• Lose Focus () - Fires when the triggering element loses focus either by the pointing device or by tabbing out of the element. Supported User Interface Types: Desktop and jQuery Mobile Smartphone.

  • Mouse Button Press () - Fires when the pointing device button is pressed over the triggering element. Supported User Interface Types: Desktop.

  • Mouse Button Release () - Fires when the pointing device button is released over the triggering element. Supported User Interface Types: Desktop.

  • Mouse Enter () - Fires once when the pointing device is moved into the triggering element. Supported User Interface Types: Desktop.

  • Mouse Leave () - Fires once when the pointing device is moved away from the triggering element. Supported User Interface Types: Desktop.

  • Mouse Move () - Fires when the pointing device is moved while it is over the triggering element. Supported User Interface Types: Desktop.

  • Orientation Change () - Fires when a device's orientation changes (by turning it horizontally or vertically). The 'this.browserEvent' JavaScript object contains an 'orientation' property that will equal either 'portrait' or 'landscape'. Supported User Interface Type: 'jQuery Mobile Smartphone'.

  • Page Load (Desktop User Interface uses , jQuery Mobile Smartphone User Interface uses ) – Fires when the page loads. Supported User Interface Types: Desktop and jQuery Mobile Smartphone.

  • Page Unload () - Fires when a page is unloaded. Supported User Interface Types: Desktop and jQuery Mobile Smartphone.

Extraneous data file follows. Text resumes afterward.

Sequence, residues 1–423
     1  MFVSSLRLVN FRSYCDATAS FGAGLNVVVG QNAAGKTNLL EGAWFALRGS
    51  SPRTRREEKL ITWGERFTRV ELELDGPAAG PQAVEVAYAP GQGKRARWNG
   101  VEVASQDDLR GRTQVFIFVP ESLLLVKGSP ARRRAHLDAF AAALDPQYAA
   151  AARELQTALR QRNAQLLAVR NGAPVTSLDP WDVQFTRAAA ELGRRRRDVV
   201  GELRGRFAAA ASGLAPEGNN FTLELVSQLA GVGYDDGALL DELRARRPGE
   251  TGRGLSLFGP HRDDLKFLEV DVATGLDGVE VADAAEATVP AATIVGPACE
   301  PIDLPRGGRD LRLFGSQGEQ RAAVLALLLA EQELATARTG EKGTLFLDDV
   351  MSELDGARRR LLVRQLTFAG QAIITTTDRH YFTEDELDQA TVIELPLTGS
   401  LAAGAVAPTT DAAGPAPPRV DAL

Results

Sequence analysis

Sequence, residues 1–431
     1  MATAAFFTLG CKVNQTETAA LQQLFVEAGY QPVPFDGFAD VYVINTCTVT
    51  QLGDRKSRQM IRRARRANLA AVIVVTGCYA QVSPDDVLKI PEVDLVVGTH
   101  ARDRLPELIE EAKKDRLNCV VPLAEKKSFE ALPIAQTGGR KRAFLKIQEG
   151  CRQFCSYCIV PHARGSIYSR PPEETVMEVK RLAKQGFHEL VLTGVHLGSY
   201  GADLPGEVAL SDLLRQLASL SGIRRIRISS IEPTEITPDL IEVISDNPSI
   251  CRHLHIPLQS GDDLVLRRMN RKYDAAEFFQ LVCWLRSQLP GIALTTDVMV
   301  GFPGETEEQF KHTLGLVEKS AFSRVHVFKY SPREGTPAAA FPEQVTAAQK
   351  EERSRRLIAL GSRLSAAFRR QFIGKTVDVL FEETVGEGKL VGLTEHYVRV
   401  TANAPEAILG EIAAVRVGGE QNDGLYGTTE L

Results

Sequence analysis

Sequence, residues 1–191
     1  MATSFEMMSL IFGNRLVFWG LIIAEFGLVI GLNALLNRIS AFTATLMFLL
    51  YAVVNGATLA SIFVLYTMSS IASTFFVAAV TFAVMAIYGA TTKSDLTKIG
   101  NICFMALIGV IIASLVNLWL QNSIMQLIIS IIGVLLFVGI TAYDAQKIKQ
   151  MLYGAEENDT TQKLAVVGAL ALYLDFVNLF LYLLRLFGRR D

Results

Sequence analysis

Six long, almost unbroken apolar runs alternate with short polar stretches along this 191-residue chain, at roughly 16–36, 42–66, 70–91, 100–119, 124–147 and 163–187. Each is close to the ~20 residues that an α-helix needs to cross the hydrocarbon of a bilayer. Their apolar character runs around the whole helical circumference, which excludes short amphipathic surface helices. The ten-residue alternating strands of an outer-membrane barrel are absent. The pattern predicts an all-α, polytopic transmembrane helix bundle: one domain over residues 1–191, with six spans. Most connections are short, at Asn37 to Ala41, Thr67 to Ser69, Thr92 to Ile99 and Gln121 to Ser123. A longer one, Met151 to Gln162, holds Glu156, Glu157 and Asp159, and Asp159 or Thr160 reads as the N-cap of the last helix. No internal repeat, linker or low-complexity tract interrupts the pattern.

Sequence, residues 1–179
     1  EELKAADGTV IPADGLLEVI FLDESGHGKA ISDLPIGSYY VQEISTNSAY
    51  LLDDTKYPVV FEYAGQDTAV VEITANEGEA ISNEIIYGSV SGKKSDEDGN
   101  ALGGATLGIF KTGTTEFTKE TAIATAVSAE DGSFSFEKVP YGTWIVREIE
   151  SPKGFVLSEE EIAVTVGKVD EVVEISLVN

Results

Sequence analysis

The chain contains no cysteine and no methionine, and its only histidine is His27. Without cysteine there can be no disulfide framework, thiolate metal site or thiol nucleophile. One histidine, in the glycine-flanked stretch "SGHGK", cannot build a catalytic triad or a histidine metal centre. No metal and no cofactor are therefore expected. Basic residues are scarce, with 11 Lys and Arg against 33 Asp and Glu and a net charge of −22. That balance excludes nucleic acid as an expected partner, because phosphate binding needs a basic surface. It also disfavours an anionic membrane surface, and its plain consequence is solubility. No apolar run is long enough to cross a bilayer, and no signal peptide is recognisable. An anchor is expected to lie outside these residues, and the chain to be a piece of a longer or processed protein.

• Resize () - Fires when the browser window is resized. Supported User Interface Types: Desktop.

  • Resource Load () - When the triggering element is the window element (using a DOM Object value of in the When attributes), the event fires when the browser finishes loading all content within a document, including window, frames, objects and images. For other elements, it fires when the target element and all of its content has finished loading. Supported User Interface Types: Desktop and jQuery Mobile Smartphone.

  • Scroll () - Fires when a scrollable triggering element is scrolled. This could be the browser window (using a DOM Object value of in the When attributes), scrollable frames or elements with the CSS property set to (or when the element's explicit height is less than the height of its contents). Supported User Interface Types: Desktop and jQuery Mobile Smartphone.

  • Scroll Start () - Fires when a scroll begins. Supported User Interface Type: jQuery Mobile Smartphone.

  • Scroll Stop () - Fires when a scroll ends. Supported User Interface Type: jQuery Mobile Smartphone.

  • Select () - Fires when a user selects some text in a text field. Supported User Interface Types: Desktop and jQuery Mobile Smartphone.